Category Archives: US Labor

Free Education – Newsletter for Bay Area Education Struggle

We would like to introduce you to the Advance the Struggle Free Education newsletter, an agitational tool we use at various campuses across the Bay to connect with school workers and students interested in engaging around the conditions and struggles of the education sector.

We welcome any feedback and encourage our friends and supporters to spread these widely!

Here is our first edition:
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No to the Democrats, the Spearhead of Attacks on Public Education and Teachers Unions

Even leftists and revolutionary minded people who are critical of Bernie Sanders have put forward the idea that, despite his limitations and the problems with his politics, he’s still defending the public sector morScreenshot 2015-11-16 at 9.43.16 PMe so than other presidential candidates. However, this position fails to take into account Sanders’s position on standardized testing, punitive measures against public school teachers, and the fact that he has in various ways supported both Bush’s No Child Left Behind and Obama’s Race To The Top education policies. We present the Class Struggle Education Workers leaflet critiquing Bernie Sanders and Hillary Clinton’s positions on public education because it concisely presents the problems with their positions. Click image for newsletter.

Event Announcement! Class Struggle Along the Supply Chains: Los Angeles Truckers Struggle and Empire Logistics

Come hear two presentations on what is happening with the movement of Los Angeles Truckers and how that fits in  the logistics of empire and capitalism. The Los Angeles truckers have had a wave of strikes and struggles, shutting down the largest port in the country. Ernesto Nevarez will speak about his  25 years of experience organizing truckers. Gifford Hartman, one of  the founder of the website Empire Logistics, will present on how the trucking industry fits in a larger terrain of how commodities circulate on the global level.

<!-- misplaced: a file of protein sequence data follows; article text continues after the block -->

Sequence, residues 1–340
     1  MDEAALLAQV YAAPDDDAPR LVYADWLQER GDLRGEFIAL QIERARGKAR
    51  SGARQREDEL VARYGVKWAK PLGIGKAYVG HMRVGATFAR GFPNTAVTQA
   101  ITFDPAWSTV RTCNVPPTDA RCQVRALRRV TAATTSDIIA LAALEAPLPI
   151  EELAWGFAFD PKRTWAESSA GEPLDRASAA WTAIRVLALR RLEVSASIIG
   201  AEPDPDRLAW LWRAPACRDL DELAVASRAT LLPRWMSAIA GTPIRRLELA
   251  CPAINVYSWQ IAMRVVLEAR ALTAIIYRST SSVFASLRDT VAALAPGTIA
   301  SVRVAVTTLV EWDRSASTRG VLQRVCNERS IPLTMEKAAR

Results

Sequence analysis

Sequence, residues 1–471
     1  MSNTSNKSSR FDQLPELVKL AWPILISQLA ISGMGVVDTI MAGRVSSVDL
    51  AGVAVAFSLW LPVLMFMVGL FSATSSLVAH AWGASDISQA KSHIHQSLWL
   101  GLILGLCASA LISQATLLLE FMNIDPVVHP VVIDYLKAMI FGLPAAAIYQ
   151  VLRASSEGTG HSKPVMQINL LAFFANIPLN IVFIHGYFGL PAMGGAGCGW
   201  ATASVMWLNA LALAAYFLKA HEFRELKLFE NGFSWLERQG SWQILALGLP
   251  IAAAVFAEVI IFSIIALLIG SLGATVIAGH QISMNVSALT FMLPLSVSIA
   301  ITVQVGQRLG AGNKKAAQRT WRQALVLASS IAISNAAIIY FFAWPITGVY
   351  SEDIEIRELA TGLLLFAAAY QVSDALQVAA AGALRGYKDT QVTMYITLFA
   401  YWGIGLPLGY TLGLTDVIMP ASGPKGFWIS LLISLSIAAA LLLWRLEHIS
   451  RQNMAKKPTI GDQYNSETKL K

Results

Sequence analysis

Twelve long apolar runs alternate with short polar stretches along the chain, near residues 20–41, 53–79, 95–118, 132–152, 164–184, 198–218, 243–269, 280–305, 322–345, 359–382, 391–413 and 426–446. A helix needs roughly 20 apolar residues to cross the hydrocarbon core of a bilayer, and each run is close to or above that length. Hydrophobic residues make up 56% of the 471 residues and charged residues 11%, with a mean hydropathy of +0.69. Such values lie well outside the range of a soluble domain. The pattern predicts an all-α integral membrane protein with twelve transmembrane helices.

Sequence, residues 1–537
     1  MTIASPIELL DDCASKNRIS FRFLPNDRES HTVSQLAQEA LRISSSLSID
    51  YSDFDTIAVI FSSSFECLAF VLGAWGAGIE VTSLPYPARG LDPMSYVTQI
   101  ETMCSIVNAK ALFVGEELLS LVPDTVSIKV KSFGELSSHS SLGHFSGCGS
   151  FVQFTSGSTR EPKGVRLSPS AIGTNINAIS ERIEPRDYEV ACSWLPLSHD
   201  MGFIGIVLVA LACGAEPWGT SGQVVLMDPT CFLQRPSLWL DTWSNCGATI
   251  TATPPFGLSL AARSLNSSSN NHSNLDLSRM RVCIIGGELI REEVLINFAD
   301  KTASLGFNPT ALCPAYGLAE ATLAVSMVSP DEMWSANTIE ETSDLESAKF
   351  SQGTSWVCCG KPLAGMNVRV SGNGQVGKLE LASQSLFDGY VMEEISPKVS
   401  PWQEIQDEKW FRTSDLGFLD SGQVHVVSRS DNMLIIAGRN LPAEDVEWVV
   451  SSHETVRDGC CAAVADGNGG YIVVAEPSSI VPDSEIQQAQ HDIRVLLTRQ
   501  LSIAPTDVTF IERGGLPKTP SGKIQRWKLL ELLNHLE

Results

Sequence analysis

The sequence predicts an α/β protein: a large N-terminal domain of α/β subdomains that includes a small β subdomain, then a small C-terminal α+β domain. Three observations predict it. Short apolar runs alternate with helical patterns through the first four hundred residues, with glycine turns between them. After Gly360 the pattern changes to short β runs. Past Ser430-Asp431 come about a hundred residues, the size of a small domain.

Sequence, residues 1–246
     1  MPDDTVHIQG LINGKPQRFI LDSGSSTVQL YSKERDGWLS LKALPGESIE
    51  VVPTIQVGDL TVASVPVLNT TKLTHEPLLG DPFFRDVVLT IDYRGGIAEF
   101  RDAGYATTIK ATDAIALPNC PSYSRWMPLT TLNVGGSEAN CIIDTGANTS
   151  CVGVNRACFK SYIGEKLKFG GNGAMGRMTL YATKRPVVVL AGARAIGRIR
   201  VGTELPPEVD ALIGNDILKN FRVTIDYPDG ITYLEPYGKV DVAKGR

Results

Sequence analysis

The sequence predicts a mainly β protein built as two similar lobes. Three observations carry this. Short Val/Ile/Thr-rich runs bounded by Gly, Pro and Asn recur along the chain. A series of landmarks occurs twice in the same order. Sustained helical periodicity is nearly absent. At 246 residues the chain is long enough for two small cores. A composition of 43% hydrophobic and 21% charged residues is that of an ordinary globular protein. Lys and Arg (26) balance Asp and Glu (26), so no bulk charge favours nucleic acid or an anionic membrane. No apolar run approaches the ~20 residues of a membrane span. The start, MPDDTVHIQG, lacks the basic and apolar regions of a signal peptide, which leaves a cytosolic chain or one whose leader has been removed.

Come through to La Peña Cultural Center , 3105 Shattuck Ave, Berkeley.
Sunday May 4th 1-3 pm to hear both presenters. 
 
Sponsored by La Peña Second Generation, Advance the Struggle, and Empire Logistics
Below is the flier for the event, a call for May Day actions at the port of LA, and a letter from Ernesto on his goals for the event.  Hope to see you there!!
truckerseventMay Day 10th anniversaryOakland meeting

Caring….for Profits in the CA Nonprofit Health Industry

As our organization expands to include workers from different sectors of industry, we are forced to understand and clarify the terrain in which we are organizing in.  Below we are posting a new series that will focus on the health care industry and prospects for communist intervention in the Bay Area.  Through an analysis of our local region, we wish to draw out the broader implications for organizing the rapidly expanding health care industry.  We encourage our readers to comment on the questions raised so as to deepen our understanding of the complexities of workplace organizing in health care!

Non-profit health care is a huge industry.  It meets at the junction of the “non-profit industrial complex” and the “health care industrial complex,” but forms a unique hybrid.

To give some scope to this industry, in California, non-profit hospitals account for 61% of total patient days excluding state psychiatric hospitals.  Profits are just as large.  In 2010 alone, the top two California chains, Kaiser and Sutter Health, together made net income of $2.18 billion.[1]

This led us to two questions:  How do nonprofits make profit, and where do the profits go once they’re made?

How does a “non-profit” hospital make profits?

A huge amount of non-profit hospitals’ profits come from state subsidies and benefits. These benefits include being exempt from state and federal income taxes on profits, property taxes, and almost all sales taxes.  In return, these hospitals are supposed to offer charity care to those can’t afford it.  It’d be reasonable to think that the tax credits given and the charity care returned should balance out so that these institutions are actually non-profiting.  The joke of an exchange that exists in reality is shown in the following chart, courtesy of the National Nurses United research group the Institute for Health & Socio-Economic Policy.

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Union Debate: Jocelyn and James Respond